Posture will play into your thoracic muscles remaining tight when performing front squats. It is critical to execute proper position throughout the exercise. Fluid scapula and clavicle movement are required for effective front squats. This includes a smooth upward rotation to ensure the elbows are up and the bar stays in the proper position. 

Engaging the lats can also improve your scapular position. According to Iron-Oak Fitness, “[k]eeping the lats engaged while slightly elevating and protracting the scapula will help increase midline stabilization. This helps to create a solid “shelf” for the barbell to rest on.” The front squat tackles tightness in the upper back and stabilizes the scapular position. 

Ways to Improve Your Front Squat Technique and Exercise Variations

Beginner lifters find that the mechanics and movement of the front squat can expose flexibility concerns in the hips, knees, ankles, and wrists. Variations of the front squat can help beginners’ sort through hand placement and address mobility issues which can progress into proper and comfortable form. 

Achieving an appropriate rack position is necessary for front squats. This position is the basis for frustration and pain reported by lifters. If you are unable to get into a proper rack position, it negatively affects your ability to push through the exercise. There are ways to promote and work towards a better rack position. A blog post for coaches from Invictus Fitness explains, “[t]his is usually caused by some tight muscles throughout your upper body such as the latissimus dorsi, teres major, posterior deltoid, and triceps. The wrist flexors are also a common culprit.” Therefore, it is crucial if you experience tight muscles to stretch your triceps and lats regularly.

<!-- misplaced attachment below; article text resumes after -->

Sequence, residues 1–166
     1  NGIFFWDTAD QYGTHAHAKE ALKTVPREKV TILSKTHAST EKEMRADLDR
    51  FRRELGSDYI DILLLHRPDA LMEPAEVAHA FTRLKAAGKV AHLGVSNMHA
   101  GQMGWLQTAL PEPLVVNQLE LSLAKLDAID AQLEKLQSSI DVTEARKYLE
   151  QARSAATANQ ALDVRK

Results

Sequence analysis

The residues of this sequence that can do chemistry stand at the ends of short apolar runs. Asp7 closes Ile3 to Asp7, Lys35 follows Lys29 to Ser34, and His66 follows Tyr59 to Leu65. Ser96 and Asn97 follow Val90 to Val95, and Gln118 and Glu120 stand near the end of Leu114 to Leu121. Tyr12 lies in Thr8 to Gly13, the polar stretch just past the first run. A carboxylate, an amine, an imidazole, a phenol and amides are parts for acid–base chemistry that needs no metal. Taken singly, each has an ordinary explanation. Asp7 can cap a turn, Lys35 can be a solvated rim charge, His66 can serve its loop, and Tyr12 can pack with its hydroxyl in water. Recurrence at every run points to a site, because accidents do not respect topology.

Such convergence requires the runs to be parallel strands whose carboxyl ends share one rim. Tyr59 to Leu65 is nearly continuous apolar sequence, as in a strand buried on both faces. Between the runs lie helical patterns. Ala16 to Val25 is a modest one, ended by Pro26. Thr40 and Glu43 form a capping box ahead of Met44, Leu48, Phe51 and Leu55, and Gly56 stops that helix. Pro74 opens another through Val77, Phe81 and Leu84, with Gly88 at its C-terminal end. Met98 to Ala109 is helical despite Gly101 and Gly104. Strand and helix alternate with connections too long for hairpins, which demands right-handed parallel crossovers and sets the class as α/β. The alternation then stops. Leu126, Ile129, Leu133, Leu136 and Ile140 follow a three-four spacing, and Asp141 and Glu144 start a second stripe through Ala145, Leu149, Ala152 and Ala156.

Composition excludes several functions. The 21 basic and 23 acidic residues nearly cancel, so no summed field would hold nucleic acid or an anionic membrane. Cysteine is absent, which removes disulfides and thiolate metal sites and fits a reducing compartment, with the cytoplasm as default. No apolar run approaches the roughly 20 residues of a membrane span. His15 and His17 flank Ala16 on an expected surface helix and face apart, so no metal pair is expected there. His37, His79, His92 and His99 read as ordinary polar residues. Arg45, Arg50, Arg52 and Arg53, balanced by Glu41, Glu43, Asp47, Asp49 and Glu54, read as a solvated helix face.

Some variations include front squats with the wall, straight arms, crossed arms, or front squats with straps. Each variation can help perfect scapular position, which is critical to obtaining the results the front squat can produce. It is okay to work with an empty barbell or “air squats” until you’ve executed proper form and discovered your scapular position. 

Let us wrap things up

There are more than a few benefits to implementing front squats into your workout routine. It is a great, all-encompassing exercise for beginners and seasoned lifters. The front squat is known to produce robust and solid quadriceps. This makes the front squat a more beneficial exercise than leg extensions to build your quadriceps. The front squat is also easier on your thoracic spine as it puts less pressure on your lower back compared to back squats. 

Front squats with upright scapular position and torso strengthen your abs and obliques to enhance your ability to take on more weight to build your strength to its optimal level. It develops mobility in your upper back, shoulders, and hips. Front squats can correct that tight feeling in your lower back that were potentially induced by other lower back exercises. 

Hopefully, you learn more about your front squat scapula position and what it takes to maintain a good rack position.